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Hoodia Slender Gel

Posted 29 June 2009

A complaint of breach against the previous ASA ruling was laid with the ASA against this product.  To reiterate, there is simply no evidence that any of the ingredients in this product, when taken orally, can fulfil any of the claims being made for the product, and the chance that it therefore works via skin absorbption is simply ridiculous.

The ASA ruled against the product as there is no evidence that the product works, yet the ASA somehow has allowed this company to claim: “all claims for efficacy of Hoodia Slender Gel are based on consumer survey data. This product is not intended to treat, diagonose or cure any disease.” This is simply bizarre!

The ASA code states  very clearly in Clause 4.1 of Section II of the ASA’s Code states “Before advertising is published, advertisers shall hold in their possession documentary evidence as set out Read the rest

2 comments to Hoodia Slender Gel

  • jane

    I have read through all of this carefully.  I bought the gel in question a few weeks ago at the Women's Show, without any prior exposure to advertising.  I was fairly sceptical and intended to investigate further on the internet but didn't get around to doing that until now.  In the meantime, I used the product.  Tonight, I reviewed the google search results and ignored all advertising promoting the product, as that would be biased and read only the more 'neutral' information I could find on Wikipedia which mentioned that a large pharmaceutical company had spent 20 million on research and then abandoned the product due to it 'not meeting their strict standards of efficacy and safety'.  This alarms me – nowhere can I find exactly what their research findings were and surely if they spent that much they could enlighten the consumer as to what the safety issues are!  Or do they possibly not care about the health of consumers if it is not one of their products?  Then I read all of this and honestly if the efficacy is not qualified by any other than previous consumers this doesn't bother me too much.  I am far more concerned about safety than efficacy!  Besides, and this is the big surprise – it has already worked in the few short weeks since I started using it!  So efficacy is, in my personal experience, not in question.  And if safety isn't a concern then I'm a very happy consumer for being 'mislead'.  But what if safety is a concern?  I am honestly not interested in how the 'competition' feels about ASA rulings – I am only concerned about my health.  Since the complaint was not brought to the ASA by a consumer, but by someone who probably sells a different weight loss solution, I feel the whole point of protecting consumer health has been missed and would still like to know what, if any, safety issues were uncovered in the scientific research that has been done to date!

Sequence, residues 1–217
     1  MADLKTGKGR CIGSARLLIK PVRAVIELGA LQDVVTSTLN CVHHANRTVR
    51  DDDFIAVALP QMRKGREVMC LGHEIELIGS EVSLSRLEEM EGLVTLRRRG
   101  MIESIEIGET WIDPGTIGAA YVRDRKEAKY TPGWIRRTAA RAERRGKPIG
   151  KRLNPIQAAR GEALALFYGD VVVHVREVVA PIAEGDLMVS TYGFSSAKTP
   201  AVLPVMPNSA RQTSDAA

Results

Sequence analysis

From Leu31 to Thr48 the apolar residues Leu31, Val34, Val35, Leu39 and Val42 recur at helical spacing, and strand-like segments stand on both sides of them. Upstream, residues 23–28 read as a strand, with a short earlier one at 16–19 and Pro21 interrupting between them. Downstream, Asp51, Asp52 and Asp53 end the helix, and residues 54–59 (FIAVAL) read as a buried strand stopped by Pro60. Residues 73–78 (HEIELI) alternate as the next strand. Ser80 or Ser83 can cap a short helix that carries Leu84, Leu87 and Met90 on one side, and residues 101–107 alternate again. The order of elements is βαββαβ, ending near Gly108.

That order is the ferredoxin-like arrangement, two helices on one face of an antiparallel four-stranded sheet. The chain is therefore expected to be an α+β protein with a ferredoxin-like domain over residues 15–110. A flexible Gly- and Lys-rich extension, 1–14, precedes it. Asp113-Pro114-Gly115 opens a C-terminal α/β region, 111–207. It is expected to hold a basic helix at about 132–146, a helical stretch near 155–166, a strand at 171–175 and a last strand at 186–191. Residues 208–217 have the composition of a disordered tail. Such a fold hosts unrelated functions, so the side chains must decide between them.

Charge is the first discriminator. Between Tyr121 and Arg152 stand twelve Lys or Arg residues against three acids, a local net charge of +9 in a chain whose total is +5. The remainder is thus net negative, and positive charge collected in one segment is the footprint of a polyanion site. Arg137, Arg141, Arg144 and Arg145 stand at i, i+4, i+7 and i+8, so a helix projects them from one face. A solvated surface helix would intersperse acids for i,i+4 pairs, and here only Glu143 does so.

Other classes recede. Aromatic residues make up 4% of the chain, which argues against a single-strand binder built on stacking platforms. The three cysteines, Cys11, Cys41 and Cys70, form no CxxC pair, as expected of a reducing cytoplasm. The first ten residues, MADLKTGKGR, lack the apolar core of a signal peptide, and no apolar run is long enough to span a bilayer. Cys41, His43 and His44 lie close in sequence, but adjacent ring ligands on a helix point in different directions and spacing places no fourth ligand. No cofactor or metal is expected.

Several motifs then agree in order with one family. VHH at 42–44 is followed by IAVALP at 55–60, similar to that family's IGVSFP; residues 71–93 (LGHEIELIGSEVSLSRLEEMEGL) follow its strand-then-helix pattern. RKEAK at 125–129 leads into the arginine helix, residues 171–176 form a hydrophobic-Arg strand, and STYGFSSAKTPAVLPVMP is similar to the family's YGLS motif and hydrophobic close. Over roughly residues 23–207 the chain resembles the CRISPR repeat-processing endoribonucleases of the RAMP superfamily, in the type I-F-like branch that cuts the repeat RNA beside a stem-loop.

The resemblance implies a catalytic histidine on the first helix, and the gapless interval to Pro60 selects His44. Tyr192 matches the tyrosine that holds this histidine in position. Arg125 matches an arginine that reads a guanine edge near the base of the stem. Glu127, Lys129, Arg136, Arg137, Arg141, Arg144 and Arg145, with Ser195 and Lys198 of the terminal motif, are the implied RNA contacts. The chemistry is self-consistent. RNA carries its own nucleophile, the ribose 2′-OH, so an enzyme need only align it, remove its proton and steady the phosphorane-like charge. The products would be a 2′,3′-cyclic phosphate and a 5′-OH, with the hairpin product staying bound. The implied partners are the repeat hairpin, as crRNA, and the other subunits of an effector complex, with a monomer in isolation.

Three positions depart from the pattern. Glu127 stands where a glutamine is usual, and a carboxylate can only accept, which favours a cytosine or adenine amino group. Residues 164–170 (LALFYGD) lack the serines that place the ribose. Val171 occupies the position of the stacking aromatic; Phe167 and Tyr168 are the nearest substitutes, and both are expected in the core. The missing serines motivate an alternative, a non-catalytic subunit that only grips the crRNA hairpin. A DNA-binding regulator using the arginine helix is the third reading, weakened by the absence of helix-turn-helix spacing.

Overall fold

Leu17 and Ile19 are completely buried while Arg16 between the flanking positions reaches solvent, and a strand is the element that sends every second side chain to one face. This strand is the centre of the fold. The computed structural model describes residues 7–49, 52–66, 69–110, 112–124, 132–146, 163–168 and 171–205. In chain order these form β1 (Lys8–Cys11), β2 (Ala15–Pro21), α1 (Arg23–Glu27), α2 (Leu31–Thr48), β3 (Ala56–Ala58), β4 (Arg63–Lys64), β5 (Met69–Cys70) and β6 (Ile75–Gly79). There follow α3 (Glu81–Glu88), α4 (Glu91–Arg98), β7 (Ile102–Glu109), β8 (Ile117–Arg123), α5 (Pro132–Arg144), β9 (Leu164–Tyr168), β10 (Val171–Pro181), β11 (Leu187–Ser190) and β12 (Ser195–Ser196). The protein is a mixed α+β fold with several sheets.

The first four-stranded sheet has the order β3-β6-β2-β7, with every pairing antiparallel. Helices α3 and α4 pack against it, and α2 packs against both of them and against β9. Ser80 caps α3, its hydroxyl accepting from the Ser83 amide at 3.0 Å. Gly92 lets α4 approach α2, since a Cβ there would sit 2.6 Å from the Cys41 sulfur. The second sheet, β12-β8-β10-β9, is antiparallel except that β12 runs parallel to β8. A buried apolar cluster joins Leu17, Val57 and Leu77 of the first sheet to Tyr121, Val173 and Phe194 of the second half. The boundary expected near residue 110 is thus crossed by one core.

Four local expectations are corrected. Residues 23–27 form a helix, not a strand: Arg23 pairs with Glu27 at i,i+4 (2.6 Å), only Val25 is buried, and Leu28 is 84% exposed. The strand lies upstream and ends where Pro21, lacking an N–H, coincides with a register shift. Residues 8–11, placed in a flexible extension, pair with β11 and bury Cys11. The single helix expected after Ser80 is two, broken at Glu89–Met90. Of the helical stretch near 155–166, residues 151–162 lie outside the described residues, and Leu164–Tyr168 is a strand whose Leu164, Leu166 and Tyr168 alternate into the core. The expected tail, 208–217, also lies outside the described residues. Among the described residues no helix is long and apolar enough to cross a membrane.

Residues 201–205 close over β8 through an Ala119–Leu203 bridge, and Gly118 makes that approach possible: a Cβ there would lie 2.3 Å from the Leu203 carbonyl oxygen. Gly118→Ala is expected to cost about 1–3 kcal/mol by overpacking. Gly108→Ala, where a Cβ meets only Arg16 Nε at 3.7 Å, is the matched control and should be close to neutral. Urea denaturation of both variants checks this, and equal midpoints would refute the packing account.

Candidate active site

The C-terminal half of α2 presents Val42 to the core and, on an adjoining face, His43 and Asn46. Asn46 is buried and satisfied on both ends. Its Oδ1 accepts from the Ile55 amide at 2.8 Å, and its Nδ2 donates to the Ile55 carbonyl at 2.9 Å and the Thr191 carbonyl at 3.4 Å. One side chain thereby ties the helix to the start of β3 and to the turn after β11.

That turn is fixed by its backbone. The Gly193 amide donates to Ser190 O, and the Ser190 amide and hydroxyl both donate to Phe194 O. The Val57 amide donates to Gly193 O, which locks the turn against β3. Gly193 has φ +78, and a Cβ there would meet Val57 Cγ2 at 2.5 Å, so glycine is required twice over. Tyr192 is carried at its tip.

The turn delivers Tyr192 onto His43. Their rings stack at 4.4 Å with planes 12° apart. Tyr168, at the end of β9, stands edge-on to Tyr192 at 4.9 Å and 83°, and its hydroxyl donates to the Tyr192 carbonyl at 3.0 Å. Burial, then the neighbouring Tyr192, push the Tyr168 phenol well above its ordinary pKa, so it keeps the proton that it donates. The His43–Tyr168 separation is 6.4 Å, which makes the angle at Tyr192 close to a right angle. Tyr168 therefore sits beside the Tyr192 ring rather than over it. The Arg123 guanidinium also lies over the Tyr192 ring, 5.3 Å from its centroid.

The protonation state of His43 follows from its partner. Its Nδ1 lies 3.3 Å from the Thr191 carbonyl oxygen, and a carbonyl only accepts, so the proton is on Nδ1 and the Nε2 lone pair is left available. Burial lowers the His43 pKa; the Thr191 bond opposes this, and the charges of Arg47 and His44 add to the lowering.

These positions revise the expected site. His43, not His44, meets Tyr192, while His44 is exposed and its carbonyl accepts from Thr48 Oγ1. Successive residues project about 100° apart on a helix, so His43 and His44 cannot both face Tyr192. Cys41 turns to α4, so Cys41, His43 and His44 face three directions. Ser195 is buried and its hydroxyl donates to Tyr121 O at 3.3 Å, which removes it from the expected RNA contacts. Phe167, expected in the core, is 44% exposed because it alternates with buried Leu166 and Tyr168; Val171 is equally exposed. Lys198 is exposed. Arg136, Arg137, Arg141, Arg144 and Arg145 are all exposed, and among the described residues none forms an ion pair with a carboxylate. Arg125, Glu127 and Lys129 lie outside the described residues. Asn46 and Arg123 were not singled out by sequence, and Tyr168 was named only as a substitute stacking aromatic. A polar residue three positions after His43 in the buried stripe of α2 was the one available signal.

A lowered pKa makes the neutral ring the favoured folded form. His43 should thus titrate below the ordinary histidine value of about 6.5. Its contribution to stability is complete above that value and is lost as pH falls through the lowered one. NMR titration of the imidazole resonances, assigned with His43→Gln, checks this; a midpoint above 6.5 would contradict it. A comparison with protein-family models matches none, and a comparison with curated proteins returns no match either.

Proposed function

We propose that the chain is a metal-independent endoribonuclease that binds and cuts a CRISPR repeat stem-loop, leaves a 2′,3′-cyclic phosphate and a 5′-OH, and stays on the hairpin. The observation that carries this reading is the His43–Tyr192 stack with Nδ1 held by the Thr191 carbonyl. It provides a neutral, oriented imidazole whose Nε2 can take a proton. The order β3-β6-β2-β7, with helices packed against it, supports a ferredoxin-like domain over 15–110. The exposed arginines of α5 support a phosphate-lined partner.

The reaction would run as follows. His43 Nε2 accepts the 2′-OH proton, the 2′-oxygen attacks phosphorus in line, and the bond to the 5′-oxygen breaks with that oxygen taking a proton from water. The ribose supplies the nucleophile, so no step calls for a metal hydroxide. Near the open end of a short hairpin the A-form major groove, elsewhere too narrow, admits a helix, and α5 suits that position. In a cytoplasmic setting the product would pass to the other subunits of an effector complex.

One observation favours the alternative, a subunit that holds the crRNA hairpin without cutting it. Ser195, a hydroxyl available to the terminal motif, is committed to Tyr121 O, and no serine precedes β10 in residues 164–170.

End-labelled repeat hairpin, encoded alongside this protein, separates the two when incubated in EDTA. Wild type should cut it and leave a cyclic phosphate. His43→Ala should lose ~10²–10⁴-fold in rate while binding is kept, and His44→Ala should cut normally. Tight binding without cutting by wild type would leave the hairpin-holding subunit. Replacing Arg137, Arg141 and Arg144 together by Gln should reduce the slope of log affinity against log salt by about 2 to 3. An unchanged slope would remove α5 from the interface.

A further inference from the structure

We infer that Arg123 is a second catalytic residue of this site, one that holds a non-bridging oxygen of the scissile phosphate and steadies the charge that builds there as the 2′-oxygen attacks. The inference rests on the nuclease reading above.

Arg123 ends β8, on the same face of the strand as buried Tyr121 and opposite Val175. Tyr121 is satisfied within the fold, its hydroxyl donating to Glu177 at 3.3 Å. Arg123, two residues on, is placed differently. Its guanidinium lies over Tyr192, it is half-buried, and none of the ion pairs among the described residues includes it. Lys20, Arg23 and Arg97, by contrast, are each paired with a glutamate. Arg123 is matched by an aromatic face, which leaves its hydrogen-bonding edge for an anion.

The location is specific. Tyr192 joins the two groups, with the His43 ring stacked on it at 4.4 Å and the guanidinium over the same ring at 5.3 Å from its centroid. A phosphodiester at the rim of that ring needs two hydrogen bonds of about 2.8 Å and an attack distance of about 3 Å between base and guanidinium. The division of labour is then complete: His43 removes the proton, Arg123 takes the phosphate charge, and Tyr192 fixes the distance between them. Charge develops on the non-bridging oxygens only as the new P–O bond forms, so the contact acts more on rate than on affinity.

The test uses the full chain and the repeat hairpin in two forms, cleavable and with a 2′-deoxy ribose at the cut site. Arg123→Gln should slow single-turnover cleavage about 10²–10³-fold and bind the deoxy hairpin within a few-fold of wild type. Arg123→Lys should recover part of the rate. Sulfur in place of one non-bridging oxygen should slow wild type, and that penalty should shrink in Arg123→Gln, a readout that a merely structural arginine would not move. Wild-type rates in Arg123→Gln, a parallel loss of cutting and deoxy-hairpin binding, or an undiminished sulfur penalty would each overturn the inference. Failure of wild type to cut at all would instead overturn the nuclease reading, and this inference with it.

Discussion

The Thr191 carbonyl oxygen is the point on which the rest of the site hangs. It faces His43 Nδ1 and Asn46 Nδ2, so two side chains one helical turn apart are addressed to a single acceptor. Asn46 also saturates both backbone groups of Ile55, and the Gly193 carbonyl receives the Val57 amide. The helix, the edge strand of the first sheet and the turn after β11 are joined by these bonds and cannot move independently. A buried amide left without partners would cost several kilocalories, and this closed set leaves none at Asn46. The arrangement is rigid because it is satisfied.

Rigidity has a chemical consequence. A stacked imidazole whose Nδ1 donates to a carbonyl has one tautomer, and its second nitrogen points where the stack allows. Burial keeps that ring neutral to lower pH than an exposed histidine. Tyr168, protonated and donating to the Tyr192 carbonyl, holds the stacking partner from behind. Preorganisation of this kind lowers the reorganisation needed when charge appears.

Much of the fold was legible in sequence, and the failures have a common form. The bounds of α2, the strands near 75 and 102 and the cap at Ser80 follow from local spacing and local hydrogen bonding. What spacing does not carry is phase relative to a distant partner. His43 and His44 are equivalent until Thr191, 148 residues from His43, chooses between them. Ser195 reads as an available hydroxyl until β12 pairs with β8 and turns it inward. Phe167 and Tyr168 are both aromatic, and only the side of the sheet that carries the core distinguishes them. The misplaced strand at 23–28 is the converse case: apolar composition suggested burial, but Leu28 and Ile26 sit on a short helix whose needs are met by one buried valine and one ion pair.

• Harris

    Hi Jane, I laid the complaint with the ASA. I am a medical doctor. I can say with absolute certainty that there is to date no evidence that Hoodia is safe or unsafe. I am informed by Unilever reports that after spending 20 Million Euro on bringing hoodia products to market, that they stopped the process because the positive effects were minimal, and the side effects unacceptable. Harris

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